A study in the August 2010 Journal of Arthroplasty from the Anderson Orthopedic Research Institute in Alexandria, Virginia, outlined the improvement in outcome based on the number of cases surgeons had performed with unicompartmental knee replacement. They looked at 445 consecutive minimally invasive unicompartmental knee replacements performed at one institution. At a mean of 3.25 years, 26 knees required revision yielding an overall revision rate of 5.8 percent and survivorship at two years with revision being the endpoint of 96 percent. Both revisions and reoperations decreased over time. For the first half of the unicompartmental cases, the revision rate was 8.1 percent. For the second half of the cases, the revision rate dropped down to 5.4 percent. This study demonstrates that despite improvement in technique, unicompartmental knee replacement is more difficult to perform than total knee arthroplasty, and therefore the number of procedures performed by a physician can have a direct impact on the outcome of this procedure.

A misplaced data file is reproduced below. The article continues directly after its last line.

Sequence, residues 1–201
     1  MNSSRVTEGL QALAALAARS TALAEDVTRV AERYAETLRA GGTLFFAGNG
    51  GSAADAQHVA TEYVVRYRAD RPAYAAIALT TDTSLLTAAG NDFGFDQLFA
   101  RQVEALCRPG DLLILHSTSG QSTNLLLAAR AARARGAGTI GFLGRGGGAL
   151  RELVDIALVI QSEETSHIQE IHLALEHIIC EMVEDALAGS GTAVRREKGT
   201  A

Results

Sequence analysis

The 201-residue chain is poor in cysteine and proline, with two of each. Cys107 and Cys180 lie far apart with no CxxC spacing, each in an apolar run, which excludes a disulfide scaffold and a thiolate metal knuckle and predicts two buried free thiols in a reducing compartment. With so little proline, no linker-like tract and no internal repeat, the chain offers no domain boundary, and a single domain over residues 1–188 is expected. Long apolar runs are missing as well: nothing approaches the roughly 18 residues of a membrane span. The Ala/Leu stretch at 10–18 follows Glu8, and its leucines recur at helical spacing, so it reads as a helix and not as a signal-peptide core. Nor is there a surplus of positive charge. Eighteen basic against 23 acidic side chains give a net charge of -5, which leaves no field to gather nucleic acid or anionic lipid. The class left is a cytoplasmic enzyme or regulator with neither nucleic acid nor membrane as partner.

— William P. Barrett, MD